WASHINGTON Feb 14 Democrats in the U.S. Senate
on Thursday rallied around a $110 billion tax increase and
spending cut plan that would postpone more severe automatic
spending cuts set to begin on March 1.
The proposal, which is expected to get shot down by
Republicans who oppose raising taxes any further to reduce
budget deficits, might never come to a Senate vote. But some of
its components could be included in future budget negotiations.
Before the plan was formally unveiled, Senate Republican
leader Mitch McConnell called it "a political stunt" and "a
total waste of time."
The Senate Democrats' plan would cancel the across-the-board
spending cuts, known as a sequester, through Dec. 31. The cuts
would be revived in January 2014 unless replaced as part of a
more comprehensive deficit reduction deal.
Under the Senate Democrats' plan unveiled on Thursday, all
of the new military spending cuts due to begin on March 1 would
be put off until fiscal 2015, when the war in Afghanistan is
expected to draw to a close.
About $27.5 billion in replacement military cuts would
start in 2015 and be spread over seven years, according to a
summary of the Democrats' plan.
Another $31 billion in spending cuts over 10 years would be
achieved by ending direct farm subsidy payments.
"I think our caucus is very supportive of replacing the
sequester with a fair and balanced approach," Senate Budget
Committee Patty Murray told reporters.
If Congress fails to act, about $85 billion in
across-the-board spending cuts begin on March 1 and continue
through Sept. 30 as part of a decade-long $1.2 trillion budget
savings plan. Half of the cuts would be shouldered by the
Defense Department and the other half would be scattered among
many other government agencies.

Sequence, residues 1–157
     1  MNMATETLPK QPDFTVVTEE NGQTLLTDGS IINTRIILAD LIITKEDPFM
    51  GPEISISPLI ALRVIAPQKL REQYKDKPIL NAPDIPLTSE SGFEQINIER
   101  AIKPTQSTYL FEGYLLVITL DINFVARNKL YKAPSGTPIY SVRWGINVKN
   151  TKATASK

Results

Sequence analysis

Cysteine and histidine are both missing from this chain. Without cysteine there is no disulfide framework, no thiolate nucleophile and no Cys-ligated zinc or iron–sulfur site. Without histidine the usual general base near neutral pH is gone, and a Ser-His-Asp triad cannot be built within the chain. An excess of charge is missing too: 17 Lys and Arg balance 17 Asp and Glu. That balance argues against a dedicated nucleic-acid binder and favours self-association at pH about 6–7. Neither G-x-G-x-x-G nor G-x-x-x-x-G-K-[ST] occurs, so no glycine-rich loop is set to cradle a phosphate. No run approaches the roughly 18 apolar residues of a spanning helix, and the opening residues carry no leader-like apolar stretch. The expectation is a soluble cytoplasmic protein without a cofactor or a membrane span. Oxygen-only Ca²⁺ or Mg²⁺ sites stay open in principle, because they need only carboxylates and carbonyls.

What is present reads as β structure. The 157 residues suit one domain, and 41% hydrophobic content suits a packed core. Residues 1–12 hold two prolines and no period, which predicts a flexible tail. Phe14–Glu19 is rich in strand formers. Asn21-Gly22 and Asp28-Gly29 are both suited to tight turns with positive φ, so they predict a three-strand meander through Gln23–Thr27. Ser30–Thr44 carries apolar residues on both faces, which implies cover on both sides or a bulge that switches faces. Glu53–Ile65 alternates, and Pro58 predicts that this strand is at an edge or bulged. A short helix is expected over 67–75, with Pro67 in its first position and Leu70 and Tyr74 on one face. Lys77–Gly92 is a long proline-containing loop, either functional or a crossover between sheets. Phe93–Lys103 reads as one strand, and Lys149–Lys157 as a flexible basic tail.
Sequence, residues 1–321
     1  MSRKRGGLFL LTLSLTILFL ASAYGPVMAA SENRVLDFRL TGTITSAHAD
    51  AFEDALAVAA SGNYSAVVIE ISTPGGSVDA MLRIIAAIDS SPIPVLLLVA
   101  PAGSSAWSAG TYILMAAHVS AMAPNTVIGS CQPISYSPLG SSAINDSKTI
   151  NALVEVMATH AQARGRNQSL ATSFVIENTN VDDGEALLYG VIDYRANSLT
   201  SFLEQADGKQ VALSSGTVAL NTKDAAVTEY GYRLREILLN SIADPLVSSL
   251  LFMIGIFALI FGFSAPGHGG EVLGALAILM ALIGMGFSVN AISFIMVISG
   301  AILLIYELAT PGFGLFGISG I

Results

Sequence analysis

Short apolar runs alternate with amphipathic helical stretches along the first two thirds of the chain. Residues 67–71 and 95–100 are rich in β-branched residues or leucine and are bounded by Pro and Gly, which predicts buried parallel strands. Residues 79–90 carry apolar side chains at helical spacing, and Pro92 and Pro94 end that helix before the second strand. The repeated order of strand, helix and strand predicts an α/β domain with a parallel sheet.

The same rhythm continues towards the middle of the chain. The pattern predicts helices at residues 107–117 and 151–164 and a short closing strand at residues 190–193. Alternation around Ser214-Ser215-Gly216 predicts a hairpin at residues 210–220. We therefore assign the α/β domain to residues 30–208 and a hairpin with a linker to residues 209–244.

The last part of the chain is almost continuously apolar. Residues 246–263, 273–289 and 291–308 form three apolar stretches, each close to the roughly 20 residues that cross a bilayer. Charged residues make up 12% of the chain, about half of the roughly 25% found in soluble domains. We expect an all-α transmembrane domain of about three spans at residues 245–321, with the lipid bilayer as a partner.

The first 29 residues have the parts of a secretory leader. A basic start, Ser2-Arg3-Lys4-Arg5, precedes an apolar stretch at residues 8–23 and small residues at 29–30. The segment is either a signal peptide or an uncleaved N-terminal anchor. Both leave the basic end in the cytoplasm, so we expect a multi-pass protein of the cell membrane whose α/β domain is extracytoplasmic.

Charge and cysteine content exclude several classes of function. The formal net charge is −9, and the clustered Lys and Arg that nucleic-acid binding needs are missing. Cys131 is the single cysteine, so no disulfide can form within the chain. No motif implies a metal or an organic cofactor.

The non-partisan Congressional Budget Office has estimated
that if fully implemented, these budget cuts would hold back
U.S. growth and prevent the creation of about 750,000 jobs this
But with Democrats and Republicans far apart on how to
replace the automatic cuts, they are widely expected to go into
effect on March 1. In subsequent weeks a replacement measure
could be negotiated at the same time Congress works on a deal to
fund government agencies that run out of money on March 27.
On the tax side, Senate Democrats say they would raise $54
billion over a decade by setting a new minimum 30 percent tax
rate for the wealthy. Known as the "Buffett Rule," it would be
applied to taxpayers with adjusted gross incomes over $1
million, after subtracting charitable contributions.
It would be aimed at those who pay less than a 30 percent
average tax rate in combined income tax, alternative minimum tax
and the employee's portion of the payroll tax. The Buffett Rule,
named after billionaire Warren Buffett, who has promoted it,
would be phased in for those with annual incomes of $1 million
to $2 million.
Two other tax hikes would eliminate a break that Democrats
say encourages companies to move jobs overseas and a tax
loophole enjoyed by the oil industry.
The latter would include oil from tar sands among the
petroleum products that are subject to taxes that support an oil
spill liability trust fund, according to the Democrats' summary.
In the House of Representatives, Democrat Chris Van Hollen
has introduced similar legislation to replace the automatic
sequester cuts through Dec. 31. But Republicans who control the
chamber have rejected four of his attempts to attach the
proposal to other legislation.